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The Art of Wandering: The Writer as Walker Paperback – 26 Jun 2012

3.7 out of 5 stars 3 customer reviews

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Product details

  • Paperback: 256 pages
  • Publisher: Oldcastle Books (26 Jun. 2012)
  • Language: English
  • ISBN-10: 1842433709
  • ISBN-13: 978-1842433706
  • Product Dimensions: 1.9 x 15.9 x 23.5 cm
  • Average Customer Review: 3.7 out of 5 stars  See all reviews (3 customer reviews)
  • Amazon Bestsellers Rank: 374,243 in Books (See Top 100 in Books)

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Customer Reviews

3.7 out of 5 stars
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Top Customer Reviews

Format: Paperback Verified Purchase
I have read and enjoyed "Psychogeography" by the same author and was eager to tuck in to this, his latest work.

The book looks at the relationship between walking and writing from Greek and other philosophers (Rousseau,Michel de Certeau) through to the Psychogeography/Deep Topography of today (Iain Sinclair, Will Self, Nick Papadimitriou) and includes much else in between. Coverly looks at the walker as Pilgrim (William Langland,Hilaire Belloc,Werner Herzog); as imaginary walker (William Cowper, Albert Speer); as Vagrant (John Clare, Walt Whitman); in the natural world (Wordsworth); as Visionary (John Gay, William Blake, Thomas De Quincey); the Flaneur (Charles Baudelaire, Robert Walser); and experimental walking (the dadaists and Guy Debord). It is extensively referenced and has an excellent bibliography.

It is a really entertaining walk through history and I gained a lot of knowledge on the way. Written in a lively style, I whizzed through it and yearned for more. My only issue is that I would like to have had more depth because I found the subject so interesting(that's why it lost a star). So, yes, buy it if you like this sort of thing. You'll like it.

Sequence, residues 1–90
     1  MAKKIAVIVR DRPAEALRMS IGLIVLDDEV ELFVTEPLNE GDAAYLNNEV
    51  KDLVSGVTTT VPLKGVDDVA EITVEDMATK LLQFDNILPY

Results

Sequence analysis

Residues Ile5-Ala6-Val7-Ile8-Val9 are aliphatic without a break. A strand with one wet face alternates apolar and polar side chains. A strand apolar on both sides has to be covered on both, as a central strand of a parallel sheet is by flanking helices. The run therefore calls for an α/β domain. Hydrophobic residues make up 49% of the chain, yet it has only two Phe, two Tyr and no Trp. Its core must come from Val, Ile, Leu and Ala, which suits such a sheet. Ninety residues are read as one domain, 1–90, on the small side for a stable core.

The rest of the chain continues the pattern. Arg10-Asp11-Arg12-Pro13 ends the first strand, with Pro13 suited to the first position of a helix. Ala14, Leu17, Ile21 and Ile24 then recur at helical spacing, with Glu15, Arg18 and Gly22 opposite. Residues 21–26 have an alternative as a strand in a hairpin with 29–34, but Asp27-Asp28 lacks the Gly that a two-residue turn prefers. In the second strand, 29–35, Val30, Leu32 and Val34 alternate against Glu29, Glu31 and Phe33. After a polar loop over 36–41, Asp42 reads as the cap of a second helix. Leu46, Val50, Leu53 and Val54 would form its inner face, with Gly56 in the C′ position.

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Format: Paperback
Coverly provides a good overview of walking writers from a British perspective. But he missed several writers who use walking as an integral part of a writing. His bibliography does not list Alfred Kazin (A Walker in the City), Phillip Lopate (Waterfront), Colson Whitehead (The Colossus of New York), Orhan Pamuk (Istambul), Chet Raymo (The Path), Robert Lennon (Pieces for the Left Hand), and Craig Childs (House of Rain). I wonder how his analysis would be changed by including these walking writers.
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Format: Paperback Verified Purchase
I have tried with this book and totally failed. It is a compilation of sources other than the author's own experience. I suppose that it is fine as the basis of some academic exercise but I prefer the work of people have actually put one foot in front of the other and just walk....... I'm thinking about Patrick Leigh Fermour, Wilfred Thessiiger, and why not Wainwright? Basically, I was bored to the point of hurling out the window.
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Most Helpful Customer Reviews on Amazon.com (beta)

Amazon.com: HASH(0x8ff6021c) out of 5 stars 3 reviews
4 of 5 people found the following review helpful
HASH(0x8f91b6d8) out of 5 stars On writers and walkers 28 Oct. 2013
By Mario Friedmann - Published on Amazon.com
Format: Kindle Edition Verified Purchase
I'm not even half way through and I already find it is an interesting book about different ways that walking has impacted the creative output of writers throughout the ages.
3 of 6 people found the following review helpful
By Kayama57 - Published on Amazon.com
Format: Kindle Edition
I've enjoyed reading this book and look forward to writing about all the things that cross my mind when walking
0 of 2 people found the following review helpful
HASH(0x8fe6b210) out of 5 stars I was expecting a book that was about walking and ... 21 Sept. 2015
By Brick Horse - Published on Amazon.com
Format: Paperback Verified Purchase
I was expecting a book that was about walking and writing, but I think it's a published dissertation that is an academic biography about some historical writers who walked, and how walking affected their lives or their writing. I am forcing myself to read it because a) I paid for it, and b) I probably will learn from it. It's mostly about men, which is typical. I think Emily Dickinson is in it later in the book; I'm about 25% through it. If I could give it a 2 1/2 stars I would, but I err on the side of generosity, so I gave it a 3 instead of a 2.
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